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KBB Names Most-Researched New Vehicles, Brands of 2011

December 15, 2011

IRVINE, Calif. — Kelley Blue Book released its list of the most-researched new vehicles of 2011, and revealed the Top 5 brands with the greatest share of market interest for the year.

The Hyundai Elantra was a standout this year, entering the Top 20 most-researched new-vehicles list at No. 7, jumping 29 positions from 2010. Elantra's victory can be attributed to the vehicle's top-rated fuel efficiency, affordability, superior redesign and Hyundai's increased popularity among consumers, according to KBB.com.

“Hyundai was able to knock it out of the park two years in a row with the Sonata and now the Elantra, which is maintaining brand loyalty and changing public perception,” said Arthur Henry, manager of market intelligence for Kelley Blue Book. 

The Top 5 brands with the highest share of market interest in 2011 — defined as the percent of new-car shopper activity for a particular brand — were Toyota, Ford, Honda, Chevrolet and Hyundai.

Hyundai made the biggest leap in the top brand category, closing in on the No. 5 position as the most-researched brand list. KBB analysts partially attributed Hyundai's success this year to the Japanese earthquake and recent Thai floods, which hampered production for Honda and Toyota. Hyundai's rollout of the Equus and Veloster, in addition to the redesign of the Accent and Azera, were also considerable factors that translated into Hyundai's increased market share on KBB.com. 

Toyota retained its No. 1 spot and the brand's market share increased 1 percent on KBB.com, according to the website. This year, Ford moved up one position to No. 2. Honda moved down to No. 3 on the list, while Chevrolet remained No. 4.

Significant to this year's list is the absence of luxury brands among the top 20 most-researched new vehicles on KBB.com. “Luxury brands were hit the hardest this year; not one luxury vehicle made it on Kelley Blue Book's 2011 most-researched list,” Henry said. “They simply didn't fit into many consumers' budgets, especially with the gas price hike earlier this year.”

Since 2004, the Honda Accord, Civic and Toyota Camry remain the top three most-researched new vehicles on the website. While these models remained among the top three again in 2011, several other vehicles entered the list for the first time or shifted position.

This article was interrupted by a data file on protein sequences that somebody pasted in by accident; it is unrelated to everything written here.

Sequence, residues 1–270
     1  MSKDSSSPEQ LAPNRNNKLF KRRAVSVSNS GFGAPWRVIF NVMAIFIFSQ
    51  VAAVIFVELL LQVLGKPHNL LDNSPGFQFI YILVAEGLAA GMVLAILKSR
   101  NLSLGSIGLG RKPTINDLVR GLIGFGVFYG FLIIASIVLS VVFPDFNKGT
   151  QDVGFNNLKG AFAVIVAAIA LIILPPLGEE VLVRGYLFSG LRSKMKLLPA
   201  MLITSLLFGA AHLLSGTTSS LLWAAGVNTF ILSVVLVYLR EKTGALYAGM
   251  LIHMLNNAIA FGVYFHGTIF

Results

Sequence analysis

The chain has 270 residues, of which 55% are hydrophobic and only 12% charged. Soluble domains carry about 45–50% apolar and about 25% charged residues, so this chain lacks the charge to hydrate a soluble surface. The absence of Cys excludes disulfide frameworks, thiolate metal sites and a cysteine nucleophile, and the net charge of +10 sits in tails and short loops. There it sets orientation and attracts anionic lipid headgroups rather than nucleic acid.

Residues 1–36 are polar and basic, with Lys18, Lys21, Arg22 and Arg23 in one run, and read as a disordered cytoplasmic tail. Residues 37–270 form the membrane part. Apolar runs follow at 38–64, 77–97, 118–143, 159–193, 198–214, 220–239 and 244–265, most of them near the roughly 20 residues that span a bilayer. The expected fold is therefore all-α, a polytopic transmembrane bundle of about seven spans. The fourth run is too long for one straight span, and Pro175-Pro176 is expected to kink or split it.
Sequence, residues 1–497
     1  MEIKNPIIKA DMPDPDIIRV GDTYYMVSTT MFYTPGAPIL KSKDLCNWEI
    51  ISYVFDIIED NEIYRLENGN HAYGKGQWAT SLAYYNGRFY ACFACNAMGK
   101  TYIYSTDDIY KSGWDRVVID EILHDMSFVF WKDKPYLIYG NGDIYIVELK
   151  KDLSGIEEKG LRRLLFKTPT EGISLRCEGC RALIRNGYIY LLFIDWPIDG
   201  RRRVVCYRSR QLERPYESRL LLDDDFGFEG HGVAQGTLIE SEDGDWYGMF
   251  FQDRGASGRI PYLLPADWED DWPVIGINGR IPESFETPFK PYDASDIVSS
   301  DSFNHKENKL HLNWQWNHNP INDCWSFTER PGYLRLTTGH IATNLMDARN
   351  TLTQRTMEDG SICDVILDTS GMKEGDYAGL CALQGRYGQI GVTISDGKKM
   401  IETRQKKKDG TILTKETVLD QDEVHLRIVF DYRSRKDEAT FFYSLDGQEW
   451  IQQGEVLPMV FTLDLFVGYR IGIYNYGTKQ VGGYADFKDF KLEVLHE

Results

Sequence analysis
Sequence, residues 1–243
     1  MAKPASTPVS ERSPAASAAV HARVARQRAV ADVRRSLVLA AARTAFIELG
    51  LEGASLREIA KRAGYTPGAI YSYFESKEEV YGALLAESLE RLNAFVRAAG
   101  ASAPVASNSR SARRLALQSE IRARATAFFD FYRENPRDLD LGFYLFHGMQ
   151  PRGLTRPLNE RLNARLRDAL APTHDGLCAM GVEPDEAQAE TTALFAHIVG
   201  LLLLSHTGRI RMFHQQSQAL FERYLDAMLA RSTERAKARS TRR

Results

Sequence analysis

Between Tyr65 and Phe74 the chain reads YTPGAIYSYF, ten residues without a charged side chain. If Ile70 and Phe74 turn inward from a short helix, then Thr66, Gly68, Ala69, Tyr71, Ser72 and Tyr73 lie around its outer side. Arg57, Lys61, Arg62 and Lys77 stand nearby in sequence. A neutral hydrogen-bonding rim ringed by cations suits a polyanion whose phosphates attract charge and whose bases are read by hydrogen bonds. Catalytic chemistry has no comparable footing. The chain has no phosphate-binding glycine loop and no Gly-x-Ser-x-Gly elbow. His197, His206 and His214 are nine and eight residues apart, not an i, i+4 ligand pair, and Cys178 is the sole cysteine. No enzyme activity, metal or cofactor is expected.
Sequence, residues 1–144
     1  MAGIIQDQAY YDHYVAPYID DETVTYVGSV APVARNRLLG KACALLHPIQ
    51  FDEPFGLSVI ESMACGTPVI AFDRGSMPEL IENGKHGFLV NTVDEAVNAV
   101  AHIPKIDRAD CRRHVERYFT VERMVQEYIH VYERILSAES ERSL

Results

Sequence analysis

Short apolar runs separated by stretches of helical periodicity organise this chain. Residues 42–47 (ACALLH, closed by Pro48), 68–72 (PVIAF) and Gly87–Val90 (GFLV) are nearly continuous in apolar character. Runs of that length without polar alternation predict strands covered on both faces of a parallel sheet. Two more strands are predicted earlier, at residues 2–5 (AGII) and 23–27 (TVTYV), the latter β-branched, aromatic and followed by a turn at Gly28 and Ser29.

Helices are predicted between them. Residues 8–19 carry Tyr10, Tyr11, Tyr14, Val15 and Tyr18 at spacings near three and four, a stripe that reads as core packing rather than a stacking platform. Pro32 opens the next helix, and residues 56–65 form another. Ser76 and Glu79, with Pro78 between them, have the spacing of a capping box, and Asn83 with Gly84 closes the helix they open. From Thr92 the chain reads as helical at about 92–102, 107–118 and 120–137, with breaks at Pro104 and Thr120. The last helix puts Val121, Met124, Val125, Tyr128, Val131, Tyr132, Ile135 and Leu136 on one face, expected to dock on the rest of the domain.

A number of popular new or redesigned models also increased their standing for 2011 vs. 2010, including the Volkswagen Jetta, which jumped 10 positions to No. 10, and the Chevrolet Equinox, up five positions to No. 8. The Ford F-150, Chevrolet Silverado 1500 and Ford Explorer are new to this year's list.

Dropping in ranking were the Toyota RAV4, which fell eight positions to No. 18, the Nissan Altima, which fell five positions to No. 11, and the Ford Escape, which fell four spots to No. 20. Toyota Highlander dropped three spots to No. 12 and the Honda Odyssey fell one position to No. 13. The vehicles that claimed a Top 20 spot last year but did not make the cut this year were the Honda Pilot, Ford Mustang, Toyota Sienna, BMW 3 Series and Chevrolet Camaro.

For more information, visit www.kbb.com

Kbb.com's Top 20 Most-Researched New Vehicles of 2011

1. Honda Civic

6. Hyundai Sonata

11. Nissan Altima

16. Ford Focus

2. Honda Accord

7. Hyundai Elantra

12. Toyota Highlander

17. Ford Explorer

3. Toyota Camry

8. Chevrolet Equinox

13. Honda Odyssey

18. Toyota RAV4

4. Honda CR-V

9. Toyota Prius

14. Toyota Corolla

19. Chevrolet Silverado 1500

5. Ford F-150

10. Volkswagen Jetta

15. Ford Fusion

20. Ford Escape

 

Kelley Blue Book's kbb.com 2011 Top Five Brands with Greatest Share of Market Interest among New-Car Shoppers

  1. Toyota with 14.2 percent
  2. Ford with 13.5 percent
  3. Honda with 12.8 percent
  4. Chevrolet with 11.5 percent
  5. Hyundai with 7.5 percent

Comments

  1. 1. Joseph McKinney [ December 15, 2011 @ 02:33PM ]

    The real story is the data on Honda. Three of the top five researched vehicles are from one brand, yet the brand had a bad year.

    Perhaps that means research is not a valid indicator.

 

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